Fed Surprise Has Strategists Pondering June IOER Tweak: RoundupBy
Deutsche Bank expects IOER change with next Fed rate hike
“Essentially, the Fed delivered a 5bp cut”: Bank of America
Federal Reserve policy makers have been talking about whether it might be appropriate to boost one of the central bank’s key rates by less than the others to keep the effective fed funds rate firmly within its target range.
Such a change may come as soon as June, according to Wall Street strategists, and while there could be downward pressure on other money market rates, market expectations for how quickly the Fed might tighten policy haven’t shifted much.
The unexpected revelation of this discussion in minutes of the central bank’s latest meeting sparked a surge in fed funds futures volumes on Wednesday as traders scrambled to take into account a potential change to interest on excess reserves, or IOER, the rate it pays to banks for surplus cash kept at the Fed.
The discussion by the Federal Open Market Committee came about following the recent narrowing of the spread between the effective fed funds rate -- which lies within the central bank’s target range -- and the IOER, which is currently in line with upper bound of that range. The idea of having the IOER five basis points below the top of the main target range is that even if the effective rate were to match or slightly eclipse the IOER, it could remain within that official range. The effective rate is presently around five basis points shy of IOER.
What the Strategists Say
- NatWest (Blake Gwinn)
- While fed funds trading a few basis points above IOER may not be “that meaningful,” there’s a “legitimate optic/credibility concern” with missing a target range that’s 25 basis points wide
- By lowering the IOER rate, the Fed’s markets desk would be creating an extra 5-basis-point buffer for a “potential ‘miss’ in which the effective printed outside the range”
- Bank of America (Mark Cabana)
- “Essentially, the Fed delivered a 5bp cut” via the FOMC minutes compared with market expectations, which should put similar downward pressure on other money market rates such as repurchase agreements, short-term Treasuries, agency discount notes and commercial paper
- “Over time the impact of this adjustment should decline given our view that that repo continues to move higher with elevated Treasury supply and fed funds trades above IOER”
- Deutsche Bank (Steven Zeng)
- The Fed’s potential tweak to its IOER rate is about “protecting and maintaining full control of its single most important interest rate” and adjusting IOER “likely represents the simplest one to communicate and to implement”
- Deutsche Bank expects IOER adjustment at same time as next rate hike, which is likely June; sees no benefit to waiting because it could only introduce uncertainty into OIS and create unwanted short-end volatility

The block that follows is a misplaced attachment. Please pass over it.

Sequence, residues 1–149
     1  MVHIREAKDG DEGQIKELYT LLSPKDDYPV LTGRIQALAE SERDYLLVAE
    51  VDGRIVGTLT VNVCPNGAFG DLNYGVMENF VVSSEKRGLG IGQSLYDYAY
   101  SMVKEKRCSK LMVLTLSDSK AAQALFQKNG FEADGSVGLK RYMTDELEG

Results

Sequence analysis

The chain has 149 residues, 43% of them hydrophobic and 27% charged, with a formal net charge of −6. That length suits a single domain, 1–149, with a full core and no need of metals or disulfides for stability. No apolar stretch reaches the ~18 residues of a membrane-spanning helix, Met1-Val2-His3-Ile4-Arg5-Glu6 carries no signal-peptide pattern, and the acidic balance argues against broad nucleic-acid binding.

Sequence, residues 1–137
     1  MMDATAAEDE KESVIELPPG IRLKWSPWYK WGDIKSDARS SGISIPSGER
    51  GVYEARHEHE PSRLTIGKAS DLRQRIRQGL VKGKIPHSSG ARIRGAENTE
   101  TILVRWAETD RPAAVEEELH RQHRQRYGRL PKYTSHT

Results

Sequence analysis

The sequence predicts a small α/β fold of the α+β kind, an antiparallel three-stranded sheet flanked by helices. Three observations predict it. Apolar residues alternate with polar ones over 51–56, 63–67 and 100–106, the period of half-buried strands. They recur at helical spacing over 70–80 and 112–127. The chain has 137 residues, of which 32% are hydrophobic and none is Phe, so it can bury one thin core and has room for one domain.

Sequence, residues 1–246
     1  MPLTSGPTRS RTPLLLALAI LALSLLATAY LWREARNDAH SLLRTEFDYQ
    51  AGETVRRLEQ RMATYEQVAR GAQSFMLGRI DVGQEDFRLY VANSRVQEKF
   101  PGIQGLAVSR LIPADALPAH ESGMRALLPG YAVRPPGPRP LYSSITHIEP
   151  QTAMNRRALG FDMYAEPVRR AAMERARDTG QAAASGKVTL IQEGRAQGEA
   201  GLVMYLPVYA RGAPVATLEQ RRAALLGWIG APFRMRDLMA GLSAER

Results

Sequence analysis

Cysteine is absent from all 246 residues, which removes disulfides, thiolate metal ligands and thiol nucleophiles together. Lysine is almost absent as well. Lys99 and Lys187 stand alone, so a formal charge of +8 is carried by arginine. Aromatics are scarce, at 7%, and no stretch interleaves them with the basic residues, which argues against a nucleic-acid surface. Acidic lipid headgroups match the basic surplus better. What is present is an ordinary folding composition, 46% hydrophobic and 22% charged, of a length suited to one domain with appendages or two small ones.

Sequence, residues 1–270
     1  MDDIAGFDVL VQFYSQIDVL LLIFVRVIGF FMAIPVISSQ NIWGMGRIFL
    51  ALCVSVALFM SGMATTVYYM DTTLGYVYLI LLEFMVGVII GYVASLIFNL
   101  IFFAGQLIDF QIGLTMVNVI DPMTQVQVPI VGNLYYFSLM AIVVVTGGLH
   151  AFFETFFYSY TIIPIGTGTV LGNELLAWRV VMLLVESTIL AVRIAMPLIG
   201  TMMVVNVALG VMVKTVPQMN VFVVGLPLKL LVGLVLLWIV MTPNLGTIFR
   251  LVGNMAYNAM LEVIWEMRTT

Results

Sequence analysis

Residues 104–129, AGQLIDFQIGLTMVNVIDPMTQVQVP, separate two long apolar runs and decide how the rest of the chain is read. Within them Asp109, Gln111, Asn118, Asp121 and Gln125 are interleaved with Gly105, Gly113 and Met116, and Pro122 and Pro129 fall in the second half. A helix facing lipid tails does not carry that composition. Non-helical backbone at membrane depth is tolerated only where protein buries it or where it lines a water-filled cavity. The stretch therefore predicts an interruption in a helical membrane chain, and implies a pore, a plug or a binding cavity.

- By changing IOER, the Fed forces close substitutes of fed funds, “namely overnight Treasury repo,” to reprice accordingly
- Wrightson ICAP (Lou Crandall)
- The Fed “really has no choice but to follow through with an undersized rate hike” in June as the pricing uncertainty associated with the possibility “will hang over the market”
- Useful for the Fed to establish precedent that the administered rates don’t need to coincide with the upper and lower limits of its formal target range, as it will give the central bank more flexibility over time
- The gradual convergence of the fed funds rate with the upper limit of the target range wasn’t “a problem in need of a solution”
- Morgan Stanley (Matthew Hornbach, Sam Elprince)
- By reducing IOER further in the future, Fed can delay when the effective rate exceeds the upper bound of the range, which would allow balance-sheet normalization to continue beyond 2020
- Future technical adjustments to IOER may put relative steepening pressure on yield curve, though it’s unlikely that will overcome the flattening pressure coming from the remaining Fed rate hikes in this cycle
- Jefferies (Ward McCarthy, Thomas Simons)
- The “current state of affairs” doesn’t justify a “significant change in operating procedure, but the Committee is being prudent by having this discussion ahead of time”
- If fed funds is only 2-3bp below IOER by early June, it’s possible that the Fed would implement this policy at the June meeting
- “It might make more sense for the Fed to investigate the issues a little bit more and communicate these issues to the market before making a change”
- BMO (Ian Lyngen, Aaron Kohli)
- If the Fed’s goal is to keep fed funds rate in the middle of a formal target range, “taking a bit off the top of IOER seems as good of a way as any to accomplish this”
- Path that the market expects for the fed funds rate likely lower today and whether that filters into broader front-end funding markets like repo remain “the open question for now”
— With assistance by Stephen Spratt